Facebook today announced the rollout of its long-requested expansion of the simple "Like" button, with the introduction of "Reactions" onto its web and mobile platform. The update, meant to give users an easier and more diverse way to react to a friend's post, will begin slowly rolling out to Facebook users worldwide today. To use Reactions, all you have to do is hover over the traditional Like button on the web (or tap to hold on mobile), and choose from six different animated emoji reactions if a simple thumbs up is not enough. Including Like, the other five Reactions factor in Love, Haha, Wow, Sad and Angry. We understand that this is a big change, and want to be thoughtful about rolling this out. For more than a year we have been conducting global research including focus groups and surveys to determine what types of reactions people would want to use most. We also looked at how people are already commenting on posts and the top stickers and emoticons as signals for the types of reactions people are already using to determine which reactions to offer. Specifics on the introduction of Reactions to the mobile app were not given, but presumably the iOS and Android apps will see a slow rollout of Reactions alongside their web-based counterpart. Facebook said its early beta tests of Reactions "have received positive feedback so far," so it's confident users will see the use in an assorted mix of emotive responses in lieu of the previous solitary thumbs up button. Check out Facebook's blog to see Reactions in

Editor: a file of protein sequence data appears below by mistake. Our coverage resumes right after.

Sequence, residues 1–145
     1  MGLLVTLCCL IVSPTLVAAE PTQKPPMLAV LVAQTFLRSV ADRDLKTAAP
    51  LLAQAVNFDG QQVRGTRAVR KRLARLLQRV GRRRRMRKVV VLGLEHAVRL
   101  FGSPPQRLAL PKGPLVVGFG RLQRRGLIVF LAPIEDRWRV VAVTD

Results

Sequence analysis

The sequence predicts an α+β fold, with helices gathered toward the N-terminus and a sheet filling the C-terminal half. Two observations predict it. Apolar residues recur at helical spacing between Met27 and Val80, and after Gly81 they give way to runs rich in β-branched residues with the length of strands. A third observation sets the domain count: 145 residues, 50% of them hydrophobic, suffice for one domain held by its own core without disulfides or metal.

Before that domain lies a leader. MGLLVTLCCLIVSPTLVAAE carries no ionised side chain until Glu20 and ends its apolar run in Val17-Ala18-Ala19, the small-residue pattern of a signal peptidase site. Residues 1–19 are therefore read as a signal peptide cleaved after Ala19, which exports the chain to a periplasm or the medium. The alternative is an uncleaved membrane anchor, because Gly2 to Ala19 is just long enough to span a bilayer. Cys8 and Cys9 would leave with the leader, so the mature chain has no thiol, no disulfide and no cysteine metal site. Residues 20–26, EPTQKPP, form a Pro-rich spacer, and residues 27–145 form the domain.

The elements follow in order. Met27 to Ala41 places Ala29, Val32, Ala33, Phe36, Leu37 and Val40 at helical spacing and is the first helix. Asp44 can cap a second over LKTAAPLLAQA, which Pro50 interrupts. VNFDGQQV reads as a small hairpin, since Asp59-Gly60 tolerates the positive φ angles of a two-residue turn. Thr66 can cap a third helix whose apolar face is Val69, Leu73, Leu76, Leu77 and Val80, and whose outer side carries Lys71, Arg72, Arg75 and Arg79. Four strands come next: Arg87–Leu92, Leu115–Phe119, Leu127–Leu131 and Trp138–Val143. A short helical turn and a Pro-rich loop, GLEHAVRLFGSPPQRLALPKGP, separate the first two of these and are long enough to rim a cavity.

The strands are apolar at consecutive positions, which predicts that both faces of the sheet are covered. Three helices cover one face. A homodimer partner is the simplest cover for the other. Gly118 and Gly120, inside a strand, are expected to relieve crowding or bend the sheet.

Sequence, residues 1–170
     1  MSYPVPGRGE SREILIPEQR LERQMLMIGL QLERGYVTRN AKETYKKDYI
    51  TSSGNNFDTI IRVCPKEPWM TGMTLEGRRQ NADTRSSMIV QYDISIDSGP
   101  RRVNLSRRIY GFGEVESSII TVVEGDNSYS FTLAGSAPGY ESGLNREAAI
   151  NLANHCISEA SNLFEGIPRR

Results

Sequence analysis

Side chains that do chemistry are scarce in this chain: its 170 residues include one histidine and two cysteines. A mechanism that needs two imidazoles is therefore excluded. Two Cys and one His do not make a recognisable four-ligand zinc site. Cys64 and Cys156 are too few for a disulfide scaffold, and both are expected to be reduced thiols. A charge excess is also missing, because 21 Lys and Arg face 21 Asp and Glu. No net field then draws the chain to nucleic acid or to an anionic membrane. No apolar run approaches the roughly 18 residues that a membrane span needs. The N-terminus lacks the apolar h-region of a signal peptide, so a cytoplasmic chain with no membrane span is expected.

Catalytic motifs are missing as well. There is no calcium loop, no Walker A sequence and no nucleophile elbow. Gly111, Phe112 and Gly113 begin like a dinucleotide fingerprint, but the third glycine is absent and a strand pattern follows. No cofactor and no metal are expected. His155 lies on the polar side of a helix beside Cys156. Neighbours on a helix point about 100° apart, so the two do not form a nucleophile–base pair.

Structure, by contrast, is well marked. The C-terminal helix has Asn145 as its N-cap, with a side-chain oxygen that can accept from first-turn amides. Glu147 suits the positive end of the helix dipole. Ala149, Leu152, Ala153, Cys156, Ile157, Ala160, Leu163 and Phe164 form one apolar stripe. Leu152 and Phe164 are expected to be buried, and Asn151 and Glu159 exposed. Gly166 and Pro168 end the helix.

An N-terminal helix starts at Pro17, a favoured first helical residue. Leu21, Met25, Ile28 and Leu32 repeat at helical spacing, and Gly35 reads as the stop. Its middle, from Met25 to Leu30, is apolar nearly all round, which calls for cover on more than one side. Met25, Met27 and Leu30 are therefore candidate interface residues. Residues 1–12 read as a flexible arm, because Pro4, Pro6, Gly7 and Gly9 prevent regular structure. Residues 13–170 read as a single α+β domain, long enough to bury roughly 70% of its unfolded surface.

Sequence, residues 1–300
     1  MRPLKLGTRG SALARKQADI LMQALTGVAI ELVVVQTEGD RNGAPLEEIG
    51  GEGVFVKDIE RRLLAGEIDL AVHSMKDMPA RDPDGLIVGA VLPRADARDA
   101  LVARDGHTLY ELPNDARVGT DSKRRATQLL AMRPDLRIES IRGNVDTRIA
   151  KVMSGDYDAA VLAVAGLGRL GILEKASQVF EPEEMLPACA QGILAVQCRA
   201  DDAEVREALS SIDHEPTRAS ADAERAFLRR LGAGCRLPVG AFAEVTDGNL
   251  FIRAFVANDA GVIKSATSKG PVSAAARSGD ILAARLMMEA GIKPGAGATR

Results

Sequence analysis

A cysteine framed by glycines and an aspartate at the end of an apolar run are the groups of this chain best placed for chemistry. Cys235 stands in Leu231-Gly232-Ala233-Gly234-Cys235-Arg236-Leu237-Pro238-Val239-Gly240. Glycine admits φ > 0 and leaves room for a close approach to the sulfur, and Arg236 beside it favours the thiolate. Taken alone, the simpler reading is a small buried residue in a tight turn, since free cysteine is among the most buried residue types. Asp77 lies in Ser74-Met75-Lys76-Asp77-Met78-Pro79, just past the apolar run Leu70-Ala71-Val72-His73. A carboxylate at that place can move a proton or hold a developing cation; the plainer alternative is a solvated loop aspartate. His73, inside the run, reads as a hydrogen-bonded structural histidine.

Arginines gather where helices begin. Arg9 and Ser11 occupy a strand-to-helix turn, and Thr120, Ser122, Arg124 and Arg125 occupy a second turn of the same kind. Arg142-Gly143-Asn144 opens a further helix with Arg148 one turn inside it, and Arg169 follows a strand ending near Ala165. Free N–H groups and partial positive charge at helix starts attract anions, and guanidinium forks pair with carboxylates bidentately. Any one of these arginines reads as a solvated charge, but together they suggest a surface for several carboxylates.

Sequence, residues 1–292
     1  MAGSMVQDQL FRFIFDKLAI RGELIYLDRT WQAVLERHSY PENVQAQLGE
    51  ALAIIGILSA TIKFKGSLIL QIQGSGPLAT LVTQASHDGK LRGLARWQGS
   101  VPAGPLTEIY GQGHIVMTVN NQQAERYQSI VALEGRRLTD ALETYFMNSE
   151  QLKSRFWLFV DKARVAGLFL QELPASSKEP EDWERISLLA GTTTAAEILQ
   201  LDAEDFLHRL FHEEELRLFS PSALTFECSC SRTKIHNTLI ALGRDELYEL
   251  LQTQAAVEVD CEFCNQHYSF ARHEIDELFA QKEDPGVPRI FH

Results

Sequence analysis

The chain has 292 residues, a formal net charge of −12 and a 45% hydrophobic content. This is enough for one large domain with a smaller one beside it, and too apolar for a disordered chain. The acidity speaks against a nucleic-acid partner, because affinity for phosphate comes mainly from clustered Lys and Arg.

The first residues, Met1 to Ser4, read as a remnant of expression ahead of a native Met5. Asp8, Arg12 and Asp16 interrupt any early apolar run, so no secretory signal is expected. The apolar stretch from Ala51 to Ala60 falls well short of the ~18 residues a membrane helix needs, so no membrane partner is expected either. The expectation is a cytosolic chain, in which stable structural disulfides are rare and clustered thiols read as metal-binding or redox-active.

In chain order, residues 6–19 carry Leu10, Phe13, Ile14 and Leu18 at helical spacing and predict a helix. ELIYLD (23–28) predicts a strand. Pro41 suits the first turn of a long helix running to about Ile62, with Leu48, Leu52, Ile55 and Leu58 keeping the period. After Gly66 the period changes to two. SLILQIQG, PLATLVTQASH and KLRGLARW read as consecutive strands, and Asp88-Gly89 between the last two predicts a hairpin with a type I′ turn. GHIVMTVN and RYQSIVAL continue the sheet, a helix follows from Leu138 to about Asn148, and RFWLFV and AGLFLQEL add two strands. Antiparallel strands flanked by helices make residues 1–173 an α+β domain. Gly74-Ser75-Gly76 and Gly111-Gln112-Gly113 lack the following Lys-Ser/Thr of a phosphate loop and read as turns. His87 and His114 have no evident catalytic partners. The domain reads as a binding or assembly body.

Facebook and Twitter Announce Support for Apple in Backdoor Dispute With FBI